A lot of presentations and publications describing this innovative communication protocol followed, until in mid 1987 – two months ahead of schedule – Intel delivered the first CAN controller chip, the 82526. It was the very first hardware implementation of the CAN protocol. In only four years, an idea had become reality. Shortly thereafter, Philips Semiconductors introduced the 82C200. These two earliest ancestors of the CAN controllers were quite different concerning acceptance filtering and message handling. On one hand, the FullCAN concept favored by Intel required less CPU load from the connected micro-controller than the BasicCAN implementation chosen by Philips. On the other hand, the FullCAN device was limited regarding the number of messages that could be received. The BasicCAN controller also required less silicon. In today’s CAN controllers, the ‘grandchildren’, very often different concepts of acceptance filtering and message handling have been implemented in the same module, making the misleading terms BasicCAN and FullCAN obsolete.
IMPLEMENTATION OF CAN
Communication is identical for all implementations of CAN. However, there are two principal hardware implementations. The two implementations are known as Basic CAN and Full CAN.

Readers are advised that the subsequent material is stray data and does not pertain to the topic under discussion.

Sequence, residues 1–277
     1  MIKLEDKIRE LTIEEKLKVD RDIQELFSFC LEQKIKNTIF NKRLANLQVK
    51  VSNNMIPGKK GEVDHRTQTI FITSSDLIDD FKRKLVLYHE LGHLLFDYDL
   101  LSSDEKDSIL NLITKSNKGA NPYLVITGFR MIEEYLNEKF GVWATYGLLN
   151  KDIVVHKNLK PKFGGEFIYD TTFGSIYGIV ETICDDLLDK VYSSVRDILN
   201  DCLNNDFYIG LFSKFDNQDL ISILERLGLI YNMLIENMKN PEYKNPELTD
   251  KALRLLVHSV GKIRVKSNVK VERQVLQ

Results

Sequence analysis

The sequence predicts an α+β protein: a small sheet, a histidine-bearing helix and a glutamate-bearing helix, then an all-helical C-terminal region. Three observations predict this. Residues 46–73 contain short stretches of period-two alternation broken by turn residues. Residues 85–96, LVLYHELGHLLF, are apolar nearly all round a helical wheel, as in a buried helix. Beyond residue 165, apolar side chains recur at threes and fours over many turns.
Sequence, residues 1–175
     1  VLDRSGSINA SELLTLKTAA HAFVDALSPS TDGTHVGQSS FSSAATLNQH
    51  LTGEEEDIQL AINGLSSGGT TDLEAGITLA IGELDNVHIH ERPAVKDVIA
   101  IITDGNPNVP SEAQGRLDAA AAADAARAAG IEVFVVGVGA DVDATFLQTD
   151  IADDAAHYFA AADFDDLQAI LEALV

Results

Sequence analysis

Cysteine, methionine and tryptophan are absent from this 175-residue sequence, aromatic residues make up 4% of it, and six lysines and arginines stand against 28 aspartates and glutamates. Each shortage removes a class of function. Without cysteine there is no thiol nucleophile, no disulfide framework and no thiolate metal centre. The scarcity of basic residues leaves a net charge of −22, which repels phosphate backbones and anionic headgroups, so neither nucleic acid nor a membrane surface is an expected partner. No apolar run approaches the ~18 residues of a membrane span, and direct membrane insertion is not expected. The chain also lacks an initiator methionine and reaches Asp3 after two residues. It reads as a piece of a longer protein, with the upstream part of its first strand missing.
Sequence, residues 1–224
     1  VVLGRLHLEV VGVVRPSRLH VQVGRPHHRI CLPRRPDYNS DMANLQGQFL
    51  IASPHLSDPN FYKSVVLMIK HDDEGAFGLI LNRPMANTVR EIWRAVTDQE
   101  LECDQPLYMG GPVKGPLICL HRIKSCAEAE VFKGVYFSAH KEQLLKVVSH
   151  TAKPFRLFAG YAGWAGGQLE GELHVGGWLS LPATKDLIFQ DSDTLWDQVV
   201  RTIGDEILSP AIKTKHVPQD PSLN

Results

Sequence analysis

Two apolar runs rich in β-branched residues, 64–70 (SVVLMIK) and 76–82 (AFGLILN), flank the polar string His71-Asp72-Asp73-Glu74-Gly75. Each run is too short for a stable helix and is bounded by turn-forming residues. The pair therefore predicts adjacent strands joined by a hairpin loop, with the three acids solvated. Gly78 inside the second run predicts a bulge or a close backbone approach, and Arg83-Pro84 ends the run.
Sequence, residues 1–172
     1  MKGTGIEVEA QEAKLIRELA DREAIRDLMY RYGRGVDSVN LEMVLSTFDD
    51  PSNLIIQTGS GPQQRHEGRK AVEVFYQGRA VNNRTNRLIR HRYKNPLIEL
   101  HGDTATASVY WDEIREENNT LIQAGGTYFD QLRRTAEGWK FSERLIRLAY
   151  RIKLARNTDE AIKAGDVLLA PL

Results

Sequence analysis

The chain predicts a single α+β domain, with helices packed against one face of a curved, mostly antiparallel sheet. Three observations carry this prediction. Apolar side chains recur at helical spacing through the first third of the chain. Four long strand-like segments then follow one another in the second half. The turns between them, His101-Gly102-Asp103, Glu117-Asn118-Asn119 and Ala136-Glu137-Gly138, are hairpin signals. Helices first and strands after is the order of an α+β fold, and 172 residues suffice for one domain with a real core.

In Basic CAN configurations there is a tight link between the CAN controller and the associated microcontroller. The microcontroller, which will have other system related functions to administer, will be interrupted to deal with every CAN message.
Full CAN devices contain additional hardware to provide a message "server" that automatically receives and transmits CAN messages without interrupting the associated microcontroller. Full CAN devices carry out extensive acceptance filtering on incoming messages, service simultaneous requests, and generally reduce the load on the microcontroller.
The number of nodes that can exist on a single network is, theoretically, limited only by the number of available identifiers. However, the drive capabilities of currently available devices impose greater restrictions. Depending on the device types, up to 32 or 64 nodes per network is normal, but at least one manufacturer now provides devices that will allow networks of 110 nodes.
HOW CAN WORKS ?
Data messages transmitted from any node on a CAN bus do not contain addresses of either the transmitting node, or of any intended receiving node.